Anthem of Misogyny: The War on Women in North Africa and the Middle East argues that misogyny—which operates through an interconnected network of ideologies, institutions, beliefs, aesthetics, and cultural trends—is too complex and too deep rooted to eradicate with superficial changes. Like a national anthem, misogyny in North Africa and the Middle East has acquired a sacred status. It is accepted uncritically and woven effortlessly into daily practices, creating a community of men of different ages, educational levels, and socioeconomic backgrounds who are united in their sense of entitlement to evaluate, scrutinize, deter, question, and expose women. For women, it is as if they are in a state of perpetual war, forever on the verge of being accused of deviating from the norms and being punished. These norms, however, are neither clear nor predictable.
This study of misogyny is written against a dominant orthodoxy in Western feminism. Critics are accused of gendered orientalism, savior complexes, and even Islamophobia if they dare to bring up misogyny and gender-based violence in North Africa and the Middle East in contexts other than calling it a Western-created issue. Rather than exaggerate Western agency, this book is invested in making Muslim agency visible. There are narratives of violence and injustice that produce discomfort, anger, and even despair. These stories deserve to be told, and those behind the injustices are entitled to an unfiltered portrayal because the non-West, too, is deserving of unapologetic feminist critique.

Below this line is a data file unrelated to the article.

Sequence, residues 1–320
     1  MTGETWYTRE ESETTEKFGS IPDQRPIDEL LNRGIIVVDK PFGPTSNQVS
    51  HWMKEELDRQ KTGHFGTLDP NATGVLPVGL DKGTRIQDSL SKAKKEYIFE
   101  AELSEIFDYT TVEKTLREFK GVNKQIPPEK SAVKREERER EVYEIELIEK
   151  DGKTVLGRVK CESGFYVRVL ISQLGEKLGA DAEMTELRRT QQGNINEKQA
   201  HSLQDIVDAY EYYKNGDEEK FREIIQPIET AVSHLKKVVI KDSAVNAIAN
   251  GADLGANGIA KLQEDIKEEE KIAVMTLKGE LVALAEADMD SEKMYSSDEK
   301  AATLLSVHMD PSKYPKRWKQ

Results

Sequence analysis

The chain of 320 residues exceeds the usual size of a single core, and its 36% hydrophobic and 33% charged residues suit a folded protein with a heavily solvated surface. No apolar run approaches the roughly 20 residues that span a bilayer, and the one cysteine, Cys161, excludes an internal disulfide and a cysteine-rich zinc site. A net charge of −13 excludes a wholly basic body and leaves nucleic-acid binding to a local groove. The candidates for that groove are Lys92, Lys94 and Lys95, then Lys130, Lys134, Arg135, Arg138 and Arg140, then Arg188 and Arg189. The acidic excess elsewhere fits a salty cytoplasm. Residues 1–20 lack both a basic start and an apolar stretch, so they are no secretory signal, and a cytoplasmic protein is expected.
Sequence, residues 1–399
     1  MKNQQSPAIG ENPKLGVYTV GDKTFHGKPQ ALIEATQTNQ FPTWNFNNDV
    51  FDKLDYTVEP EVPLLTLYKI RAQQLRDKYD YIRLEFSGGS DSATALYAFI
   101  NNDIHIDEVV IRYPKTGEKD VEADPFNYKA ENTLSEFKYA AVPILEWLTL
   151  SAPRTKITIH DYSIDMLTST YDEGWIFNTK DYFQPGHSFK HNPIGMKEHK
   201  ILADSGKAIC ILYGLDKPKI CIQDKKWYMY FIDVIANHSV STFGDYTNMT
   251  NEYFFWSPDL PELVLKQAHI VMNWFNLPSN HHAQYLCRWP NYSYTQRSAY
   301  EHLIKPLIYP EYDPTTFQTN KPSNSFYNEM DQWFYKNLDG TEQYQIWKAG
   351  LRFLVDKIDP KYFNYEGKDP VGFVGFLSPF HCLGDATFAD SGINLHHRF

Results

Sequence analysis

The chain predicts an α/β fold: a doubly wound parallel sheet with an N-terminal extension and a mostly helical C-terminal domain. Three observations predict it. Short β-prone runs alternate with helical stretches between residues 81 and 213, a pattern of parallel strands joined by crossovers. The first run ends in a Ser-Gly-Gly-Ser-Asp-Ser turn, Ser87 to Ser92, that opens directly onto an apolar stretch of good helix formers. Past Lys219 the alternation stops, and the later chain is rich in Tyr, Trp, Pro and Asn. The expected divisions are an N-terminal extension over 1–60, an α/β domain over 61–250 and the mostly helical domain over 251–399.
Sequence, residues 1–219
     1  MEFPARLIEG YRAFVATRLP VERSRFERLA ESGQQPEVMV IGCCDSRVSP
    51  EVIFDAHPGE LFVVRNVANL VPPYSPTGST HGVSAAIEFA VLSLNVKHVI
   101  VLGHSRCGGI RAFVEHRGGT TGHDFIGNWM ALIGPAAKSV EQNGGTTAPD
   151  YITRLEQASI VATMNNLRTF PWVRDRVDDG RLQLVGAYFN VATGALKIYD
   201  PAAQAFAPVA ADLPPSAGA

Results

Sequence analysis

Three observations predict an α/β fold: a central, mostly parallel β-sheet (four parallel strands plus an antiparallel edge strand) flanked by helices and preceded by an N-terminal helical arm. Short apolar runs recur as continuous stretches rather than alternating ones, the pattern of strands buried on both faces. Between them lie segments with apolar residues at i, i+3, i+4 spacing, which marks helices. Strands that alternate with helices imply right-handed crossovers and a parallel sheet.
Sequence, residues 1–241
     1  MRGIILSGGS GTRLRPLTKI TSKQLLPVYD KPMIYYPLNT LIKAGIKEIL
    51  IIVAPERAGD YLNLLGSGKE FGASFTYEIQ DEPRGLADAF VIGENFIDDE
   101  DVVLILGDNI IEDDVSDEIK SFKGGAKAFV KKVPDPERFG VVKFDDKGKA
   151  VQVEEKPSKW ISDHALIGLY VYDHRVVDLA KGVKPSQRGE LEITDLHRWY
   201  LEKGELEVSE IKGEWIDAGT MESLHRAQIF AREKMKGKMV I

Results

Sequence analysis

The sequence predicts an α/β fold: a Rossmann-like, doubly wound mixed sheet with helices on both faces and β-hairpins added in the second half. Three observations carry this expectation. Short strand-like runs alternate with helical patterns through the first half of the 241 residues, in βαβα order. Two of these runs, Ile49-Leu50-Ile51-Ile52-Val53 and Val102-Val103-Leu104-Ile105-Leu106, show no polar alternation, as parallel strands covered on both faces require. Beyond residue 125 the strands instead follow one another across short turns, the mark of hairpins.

Ibtissam Bouachrine is professor and chair of the department of Spanish and Portuguese and former director of the Middle East studies program at Smith College, where she teaches courses on gender and sexuality, Islam and the West, Islamic Spain, and minorities in North Africa and the Middle East. Bouachrine’s first book, Women and Islam: Myths, Apologies, and Limits of Feminist Critique examines the discourse on Muslim women from the Middle Ages to the post-9/11 era.
Erudite, powerful, and moving, Bouachrine provides a passionate account for the persistence of a toxic masculinity and misogyny in the MENA region. At the root of the problem lay the prevailing culture of impunity. Explaining why this is so, Bouachrine examines power relations, social practices, and norms that have normalized the abuse of women whilst entrenching patriarchy. This book should be a wake-up to the region’s peoples and governments.